Vitamin B6 (also known as pyridoxine) is another of the water-soluble B-complex vitamins, involved in a number of important functions, including the body’s metabolic activity. It metabolizes sugars, fats and amino acids, which are the building blocks of protein. Another important function is its role in the synthesis of neurotransmitters, and in the creation of DNA, heme (part of red blood cells) and the phospholipids that make up our cell membranes.
Without sufficient B6 we would not be able to process carbohydrates properly. Our bodies require that the glycogen in our muscle cells be broken down so as to provide us with energy, and vitamin B6 plays a key role in this breakdown. This can be especially important for athletes who require increased strength and endurance. It is also an essential vitamin for tissue repair. Another of the benefits of vitamin B6 is that it helps control excessive inflammation.
Because of its use in healthy brain and nerve function, it also helps to regulate mood. It is important for the development of serotonin and norepinephrine, hormones that help guard against depression, and has been used to treat both Alzheimer’s and general memory loss.
Vitamin B6 works in conjunction with folic acid and vitamin B12 to help keep homocysteine levels low. Elevated homocysteine is linked to a number of diseases, including heart disease, osteoporosis, and stroke. It has been successfully used in the treatment of carpal tunnel syndrome and premenstrual syndrome, and has been shown to help prevent attacks of asthma by lowering histamine levels in the blood.
The major dietary sources of B6 are meat, eggs, liver, fish, whole grains, legumes (peas and beans), potatoes, brewer’s yeast, avocados and dairy foods. Due to its water-solubility, it can’t be stored in the body’s fat cells, so we need to ingest it on a regular basis. And as B6 is necessary in order to break down proteins, the more protein you eat, the more B6 you need.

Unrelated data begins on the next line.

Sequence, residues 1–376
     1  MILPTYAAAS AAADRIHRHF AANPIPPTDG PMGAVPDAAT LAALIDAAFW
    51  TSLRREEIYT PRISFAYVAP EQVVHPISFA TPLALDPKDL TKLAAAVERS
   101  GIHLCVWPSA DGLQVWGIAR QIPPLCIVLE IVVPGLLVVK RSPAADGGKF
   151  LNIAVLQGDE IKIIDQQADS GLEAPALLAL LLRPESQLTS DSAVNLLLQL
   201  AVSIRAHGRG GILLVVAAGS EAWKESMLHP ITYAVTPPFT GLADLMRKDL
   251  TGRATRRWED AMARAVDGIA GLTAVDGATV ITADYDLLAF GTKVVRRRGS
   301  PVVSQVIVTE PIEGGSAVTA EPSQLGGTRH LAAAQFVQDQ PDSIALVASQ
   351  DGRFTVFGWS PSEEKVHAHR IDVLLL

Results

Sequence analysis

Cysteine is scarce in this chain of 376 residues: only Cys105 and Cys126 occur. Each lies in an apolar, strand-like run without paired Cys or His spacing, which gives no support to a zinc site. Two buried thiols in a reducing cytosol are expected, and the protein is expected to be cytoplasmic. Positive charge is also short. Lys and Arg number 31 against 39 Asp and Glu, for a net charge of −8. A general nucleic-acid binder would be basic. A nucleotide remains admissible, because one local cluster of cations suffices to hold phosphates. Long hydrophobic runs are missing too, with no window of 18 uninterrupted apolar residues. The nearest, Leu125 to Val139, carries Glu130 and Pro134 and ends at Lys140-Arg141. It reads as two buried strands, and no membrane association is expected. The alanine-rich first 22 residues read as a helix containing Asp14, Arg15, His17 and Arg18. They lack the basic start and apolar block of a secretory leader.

Although a deficiency in vitamin B6 is not common, it can lead to anemia, feelings of numbness or pins-and-needles in hands and feet, a sore red tongue, and confusion, depression and irritability. This deficiency is most often found in alcoholics and those with chronic fatigue syndrome or women who use oral contraceptives.
It is recommended that adults get 1.6 mg per day of vitamin B6 for optimal functioning. Women who are pregnant or breastfeeding require more, about 2 mg per day. Because it naturally occurs in a wide range of foods it’s not likely you will need a supplement if you eat well. However, it may be useful if you suffer from one of the conditions noted above, for which a doctor can give you a recommended dosage.
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